How much debt is your company carrying? If I asked that question you might immediately talk about a balance sheet or a loan or bonds or some other kind of financial instrument. In the world of business, debt is a way to build companies and a liability that can drag them down. But no matter what it is, debt is something expressed in terms of monetary instruments.
Technical debt is something that we talk about a lot in IT. We use the expression to discuss how we must contend with systems that aren’t as capable as we would like or that require additional investment of our time or resources to operate properly. To us it does feel like a debt or a price we pay to do our jobs. But in the grand scheme of things is it really a debt? Or an inconvenience?
Kam Lasater has written an excellent piece that talks about the disconnect between our perception of technical debt and how the rest of the organization sees it. As evidenced by the title of the post, you can guess that he thinks we blow it a bit out of proportion in comparison to the rest of the things the business uses to operate. He has some great thoughts on the matter, such as this:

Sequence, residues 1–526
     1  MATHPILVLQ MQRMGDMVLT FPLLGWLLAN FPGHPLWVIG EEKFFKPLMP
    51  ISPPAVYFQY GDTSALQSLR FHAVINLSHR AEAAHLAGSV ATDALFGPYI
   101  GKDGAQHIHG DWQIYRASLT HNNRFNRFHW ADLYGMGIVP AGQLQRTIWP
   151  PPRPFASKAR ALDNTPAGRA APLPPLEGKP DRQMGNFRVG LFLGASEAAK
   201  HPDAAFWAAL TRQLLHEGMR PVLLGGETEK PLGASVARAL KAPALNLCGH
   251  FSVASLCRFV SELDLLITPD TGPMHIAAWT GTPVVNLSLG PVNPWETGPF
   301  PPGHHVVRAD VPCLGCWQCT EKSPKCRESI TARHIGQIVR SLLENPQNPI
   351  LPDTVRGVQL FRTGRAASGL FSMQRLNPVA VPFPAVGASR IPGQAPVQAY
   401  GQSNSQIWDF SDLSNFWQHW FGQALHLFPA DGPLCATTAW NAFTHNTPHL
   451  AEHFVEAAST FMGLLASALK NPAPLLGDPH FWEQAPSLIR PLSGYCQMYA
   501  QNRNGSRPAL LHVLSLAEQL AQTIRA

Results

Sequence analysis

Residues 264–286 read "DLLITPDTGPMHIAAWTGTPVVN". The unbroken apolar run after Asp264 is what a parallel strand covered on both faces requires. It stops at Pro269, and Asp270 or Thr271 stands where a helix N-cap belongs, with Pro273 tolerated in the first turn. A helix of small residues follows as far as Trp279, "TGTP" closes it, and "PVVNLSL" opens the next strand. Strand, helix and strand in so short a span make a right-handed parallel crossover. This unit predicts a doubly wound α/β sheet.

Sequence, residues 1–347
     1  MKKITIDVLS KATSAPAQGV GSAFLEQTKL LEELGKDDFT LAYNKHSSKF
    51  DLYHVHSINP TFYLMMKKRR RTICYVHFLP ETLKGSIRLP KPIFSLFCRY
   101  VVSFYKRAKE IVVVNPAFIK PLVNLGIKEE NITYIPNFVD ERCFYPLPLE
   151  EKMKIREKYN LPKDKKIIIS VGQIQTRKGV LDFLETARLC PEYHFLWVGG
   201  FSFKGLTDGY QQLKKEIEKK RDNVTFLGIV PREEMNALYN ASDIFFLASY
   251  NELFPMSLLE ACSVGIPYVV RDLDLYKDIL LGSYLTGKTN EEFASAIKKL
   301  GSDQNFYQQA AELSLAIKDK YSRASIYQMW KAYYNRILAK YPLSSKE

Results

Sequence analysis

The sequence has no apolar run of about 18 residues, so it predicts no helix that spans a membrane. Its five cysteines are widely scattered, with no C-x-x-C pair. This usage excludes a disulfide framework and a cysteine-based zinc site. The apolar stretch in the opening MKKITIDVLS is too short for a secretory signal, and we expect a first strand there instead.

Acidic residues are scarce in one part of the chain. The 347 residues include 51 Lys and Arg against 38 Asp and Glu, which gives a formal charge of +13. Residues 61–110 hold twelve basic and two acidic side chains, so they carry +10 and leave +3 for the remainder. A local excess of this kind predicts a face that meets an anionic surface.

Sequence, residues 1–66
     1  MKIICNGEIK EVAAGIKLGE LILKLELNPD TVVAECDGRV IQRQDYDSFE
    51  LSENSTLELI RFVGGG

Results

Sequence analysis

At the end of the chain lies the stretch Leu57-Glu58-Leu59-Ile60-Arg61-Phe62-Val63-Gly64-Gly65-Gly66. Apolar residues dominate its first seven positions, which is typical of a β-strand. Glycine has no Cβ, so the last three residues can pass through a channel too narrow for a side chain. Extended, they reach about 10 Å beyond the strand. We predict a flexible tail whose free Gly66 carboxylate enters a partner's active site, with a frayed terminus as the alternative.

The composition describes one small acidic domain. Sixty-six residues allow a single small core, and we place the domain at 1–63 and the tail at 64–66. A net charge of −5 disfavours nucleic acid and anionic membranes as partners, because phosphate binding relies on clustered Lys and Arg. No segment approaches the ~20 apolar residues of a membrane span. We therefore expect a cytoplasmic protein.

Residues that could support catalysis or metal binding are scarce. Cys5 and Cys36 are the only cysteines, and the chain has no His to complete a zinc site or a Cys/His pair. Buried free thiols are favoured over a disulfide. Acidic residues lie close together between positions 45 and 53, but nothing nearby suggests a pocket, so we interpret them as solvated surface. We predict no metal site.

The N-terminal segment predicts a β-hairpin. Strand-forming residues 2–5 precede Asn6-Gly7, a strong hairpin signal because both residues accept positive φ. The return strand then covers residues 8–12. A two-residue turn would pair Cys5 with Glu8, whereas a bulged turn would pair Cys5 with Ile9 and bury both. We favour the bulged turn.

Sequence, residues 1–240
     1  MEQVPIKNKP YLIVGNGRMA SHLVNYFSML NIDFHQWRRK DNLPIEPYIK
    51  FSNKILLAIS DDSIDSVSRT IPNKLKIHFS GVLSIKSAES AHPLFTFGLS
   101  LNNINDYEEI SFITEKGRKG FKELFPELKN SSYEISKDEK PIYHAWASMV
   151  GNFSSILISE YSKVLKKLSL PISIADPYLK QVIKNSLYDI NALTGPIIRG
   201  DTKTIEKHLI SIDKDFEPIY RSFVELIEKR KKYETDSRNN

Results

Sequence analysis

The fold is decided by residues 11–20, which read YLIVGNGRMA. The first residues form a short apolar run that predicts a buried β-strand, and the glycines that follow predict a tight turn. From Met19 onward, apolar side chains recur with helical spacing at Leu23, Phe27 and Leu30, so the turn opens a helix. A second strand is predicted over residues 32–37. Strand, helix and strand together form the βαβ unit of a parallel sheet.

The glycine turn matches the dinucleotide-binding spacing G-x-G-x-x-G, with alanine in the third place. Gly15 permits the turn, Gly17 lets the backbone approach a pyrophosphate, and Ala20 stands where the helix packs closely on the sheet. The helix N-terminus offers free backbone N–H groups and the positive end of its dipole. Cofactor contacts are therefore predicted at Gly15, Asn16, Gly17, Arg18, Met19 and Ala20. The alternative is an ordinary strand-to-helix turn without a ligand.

Companies and business leaders don’t care if jobs are hard or annoying or take longer than they “should”. The difference between a user story taking a day or 3 days is negligible compared to its business value. Companies and their leaders care about revenue and costs. They care about customers and growth. They care about time to market. If we want to have our non-technical colleagues listen and act, we need to either improve our use of the financial terms they understand or we need to translate our message into business outcomes that they do care about.
Read on for more great wisdom in this post: We Sound Like Idiots When We Talk About Technical Debt